One conversation … I’ve come all this way. One conversation is all I want.
Kokomo by Victoria Hannan
I was lucky to be on Twitter and put my virtual hand up at the time when Hachette announced a few uncorrected proof copies of this book were available. I had no idea what this yet to be published book was about, but that’s how I like it – dive right in and go wherever the author wants to take me!
Blurb on the back
When Mina receives an urgent call from her best friend back in Melbourne, her world is turned upside down. Her agoraphobic mother, Elaine, has left the house for the first time in twelve years. Mina drops everything to fly home, only to discover that Elaine will not talk about her sudden return to the world, nor why she’s spent so much time hiding from it. Their reunion leaves Mina raking through pieces of their painful past in a bid to uncover the truth.
Why did Elaine stay inside the house for twelve years? Why did she make the choices she made throughout her life? Like Mina, I was perplexed.
We begin the story in London, where Mina has spent seven years establishing herself in the advertising industry. The London pubs, nightlife, share accommodation, late nights working on advertising ‘pitches’. That corporate ladder is so real I can almost feel the rungs.
I’m then transported to what I clearly see is an outer Melbourne, and very Australian, suburb as Mina returns to her childhood home. Here she’s forced to compare her chosen life path to those of her old friends as she stumbles across them.
Kokomo has some great descriptive writing which flows easily and strongly anchors mood and place. Here is an example showing how Mina feels when she first re-enters her childhood home:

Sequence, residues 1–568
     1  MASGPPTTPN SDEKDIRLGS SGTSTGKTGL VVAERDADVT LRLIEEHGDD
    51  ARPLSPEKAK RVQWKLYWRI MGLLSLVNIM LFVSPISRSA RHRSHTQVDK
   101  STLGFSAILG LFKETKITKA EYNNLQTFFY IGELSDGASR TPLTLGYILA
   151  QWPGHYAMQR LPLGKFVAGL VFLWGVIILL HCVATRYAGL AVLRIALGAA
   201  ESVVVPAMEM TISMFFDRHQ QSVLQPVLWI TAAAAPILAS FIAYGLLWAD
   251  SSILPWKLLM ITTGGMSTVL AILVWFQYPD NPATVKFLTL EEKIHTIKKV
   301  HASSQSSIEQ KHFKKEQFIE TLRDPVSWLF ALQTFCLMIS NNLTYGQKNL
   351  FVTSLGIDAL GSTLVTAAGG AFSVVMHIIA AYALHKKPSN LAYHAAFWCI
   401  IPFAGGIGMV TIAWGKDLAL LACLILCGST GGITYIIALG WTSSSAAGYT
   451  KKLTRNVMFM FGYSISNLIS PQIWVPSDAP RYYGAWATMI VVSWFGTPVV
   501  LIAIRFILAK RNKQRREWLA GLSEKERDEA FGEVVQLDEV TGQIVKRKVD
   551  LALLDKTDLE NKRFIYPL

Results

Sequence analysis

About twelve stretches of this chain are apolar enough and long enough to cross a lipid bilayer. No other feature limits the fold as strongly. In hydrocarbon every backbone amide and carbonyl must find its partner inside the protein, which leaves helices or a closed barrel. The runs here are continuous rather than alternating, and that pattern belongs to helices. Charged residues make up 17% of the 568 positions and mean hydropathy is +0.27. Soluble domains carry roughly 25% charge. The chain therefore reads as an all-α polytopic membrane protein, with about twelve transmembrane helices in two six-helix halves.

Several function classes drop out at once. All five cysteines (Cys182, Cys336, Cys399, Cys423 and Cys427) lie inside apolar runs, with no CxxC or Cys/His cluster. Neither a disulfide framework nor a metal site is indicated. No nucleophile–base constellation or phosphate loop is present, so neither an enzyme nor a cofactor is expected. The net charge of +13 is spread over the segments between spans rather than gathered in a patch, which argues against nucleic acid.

She felt the silence draw up around her like floodwater. She wades down the hall. The striped green wallpaper dotted with pink roses gave her the impression she was in a prison designed by Laura Ashley.
Mina now begins the process of untangling the complicated relationship with her mother. At first I don’t want Mina to pick too much at Elaine, in case uncovering the truth is too uncomfortable for all of us.
For much of this book I didn’t understand Elaine’s choices. But then drawing together all the insights into her life, which are scattered perfectly throughout the narrative, I started to understand her motivations. Kokomo has great character development and portrayal.
This book gave me something to think about. Two weeks after reaching ‘The End’ Kokomo is not yet done with me – I’m still holding onto hopes for Mina and Elaine’s future. If author Victoria Hannan wanted me to be invested in her characters, she certainly succeeded.
Published by: Hachette